Next, the Navy stationed him at the sub-base in New London, Connecticut. The southern boy from Louisiana remembered leaving a can of Coke on a locker one night, woke up to it frozen solid, and laughed, “You know it’s too cold if your can of Coke freezes while you sleep.”
Smith’s journey in the Navy wasn’t without its share of peril. While aboard the USS Gerring during the return from Gibraltar, the ship encountered the wrath of Hurricane Camille. Enormous 60-foot waves battered the vessel, causing it to sway so violently that Smith and his shipmates had to crawl everywhere they went.
His final transfer was to Jacksonville, FL, a move he welcomed as he had a cousin that lived nearby. Smith soon found himself aboard the USS Albany, which was considered a heavy missile cruiser commissioned after WWII. He spent almost two years on the USS Albany. He described what it was like seeing the firing of the Talos missile during a chilling time, stating, “About the closest I ever come was when they shoot them missiles off that Albany, wooo, that was something to see. They had Talos missiles with pinpoint accuracy for like 3000 miles, and it was something to see that thing go off at night. It would light up the whole world.”
Not only did he work as the barber during his time served but had multiple jobs on board the ship. As part of the firefighting crew, he would have training during a “shake-down” cruise outside of Guantanamo Bay and said, “It’s fun when you are in Cuba in that asbestos suit, and you get done with training and pull that suit off, and you didn’t have a dry thread on you, you was soakin’ wet with sweat.” He continued to explain, “I was on the firefighting crew at one time and on the gun mount at one time. Everybody in the Navy has got two jobs.”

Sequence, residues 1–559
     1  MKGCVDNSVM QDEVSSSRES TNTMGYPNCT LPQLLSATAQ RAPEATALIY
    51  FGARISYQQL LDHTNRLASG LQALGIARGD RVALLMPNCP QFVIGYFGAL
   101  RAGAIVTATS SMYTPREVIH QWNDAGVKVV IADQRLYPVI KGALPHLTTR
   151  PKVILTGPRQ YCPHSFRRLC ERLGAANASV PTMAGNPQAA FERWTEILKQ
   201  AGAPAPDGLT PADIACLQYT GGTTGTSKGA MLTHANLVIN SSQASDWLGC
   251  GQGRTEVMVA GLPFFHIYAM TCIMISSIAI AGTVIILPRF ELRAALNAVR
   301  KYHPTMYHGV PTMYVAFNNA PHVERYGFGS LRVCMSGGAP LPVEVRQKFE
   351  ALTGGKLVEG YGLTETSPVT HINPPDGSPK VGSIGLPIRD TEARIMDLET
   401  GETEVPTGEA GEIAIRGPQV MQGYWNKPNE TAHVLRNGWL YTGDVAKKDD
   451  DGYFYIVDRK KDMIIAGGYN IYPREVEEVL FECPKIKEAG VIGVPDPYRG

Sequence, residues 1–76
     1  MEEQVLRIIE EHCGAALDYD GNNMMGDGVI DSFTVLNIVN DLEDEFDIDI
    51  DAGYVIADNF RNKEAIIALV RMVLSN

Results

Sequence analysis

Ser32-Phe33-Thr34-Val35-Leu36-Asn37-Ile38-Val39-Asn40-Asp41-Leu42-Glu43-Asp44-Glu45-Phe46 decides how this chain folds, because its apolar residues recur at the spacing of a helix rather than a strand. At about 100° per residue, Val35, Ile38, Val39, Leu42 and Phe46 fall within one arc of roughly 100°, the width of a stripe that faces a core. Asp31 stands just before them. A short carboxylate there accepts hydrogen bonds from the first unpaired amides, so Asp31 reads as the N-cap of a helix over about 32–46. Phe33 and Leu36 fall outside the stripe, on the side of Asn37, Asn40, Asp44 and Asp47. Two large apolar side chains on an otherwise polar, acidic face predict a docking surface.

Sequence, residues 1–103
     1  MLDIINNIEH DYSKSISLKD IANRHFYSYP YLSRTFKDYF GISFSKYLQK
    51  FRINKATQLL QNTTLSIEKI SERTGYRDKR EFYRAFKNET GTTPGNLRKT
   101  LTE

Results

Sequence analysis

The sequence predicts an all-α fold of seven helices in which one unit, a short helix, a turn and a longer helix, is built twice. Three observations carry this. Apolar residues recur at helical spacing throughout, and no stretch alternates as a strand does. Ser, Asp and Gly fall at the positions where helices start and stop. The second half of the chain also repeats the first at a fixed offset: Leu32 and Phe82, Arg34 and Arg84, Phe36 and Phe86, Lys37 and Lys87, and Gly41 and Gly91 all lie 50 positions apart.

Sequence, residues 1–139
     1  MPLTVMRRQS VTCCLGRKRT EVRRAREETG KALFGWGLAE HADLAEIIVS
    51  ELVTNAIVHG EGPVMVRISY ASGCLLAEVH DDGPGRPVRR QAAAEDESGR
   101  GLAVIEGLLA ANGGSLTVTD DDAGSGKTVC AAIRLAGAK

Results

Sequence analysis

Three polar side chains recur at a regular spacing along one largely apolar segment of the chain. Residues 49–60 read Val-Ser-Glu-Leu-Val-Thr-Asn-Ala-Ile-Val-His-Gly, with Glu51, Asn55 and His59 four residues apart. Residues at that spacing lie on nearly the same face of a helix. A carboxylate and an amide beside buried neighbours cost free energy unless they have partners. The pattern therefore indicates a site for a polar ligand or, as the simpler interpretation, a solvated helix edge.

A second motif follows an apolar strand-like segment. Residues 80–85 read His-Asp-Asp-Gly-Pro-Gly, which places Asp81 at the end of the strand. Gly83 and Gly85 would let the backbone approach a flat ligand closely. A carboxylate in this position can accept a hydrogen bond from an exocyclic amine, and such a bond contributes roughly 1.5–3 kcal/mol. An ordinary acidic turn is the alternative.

Throughout his four years in the Navy, Jim embarked on three Mediterranean tours, gaining a wealth of experiences at every port along the way. Smith loved visiting and experiencing all the different areas, especially Rome, Naples, Athens, and Piraeus. He experienced crystal clear water off the coast of Egypt that allowed your eye to follow the twinkle of a flipped coin for almost five minutes before losing sight of it. “I had three years, eight months, and five days overseas at sea duty,” Smith stated. Not only did he cut the hair of each of his fellow shipmates, but also the Captain of each ship and even cut David Eisenhower’s hair several times while serving. Smith was the only barber on board the vessel but, luckily, had someone that knew how to cut his hair.
By the end of his four years in 1972, Smith declined a promotion to Chief Petty Officer. They wanted him to stay in and serve on a Patrol Boat, Riverine or (PBR), but he was ready to go home. After serving honorably in the Navy, Smith was discharged as an E5. His exemplary service and commitment were recognized by receiving the Navy Good Conduct Medal. Following his discharge, he pursued his dream and opened his barber shop. He married his first wife in 1974 and, five years later, welcomed his beloved daughter, Kelly.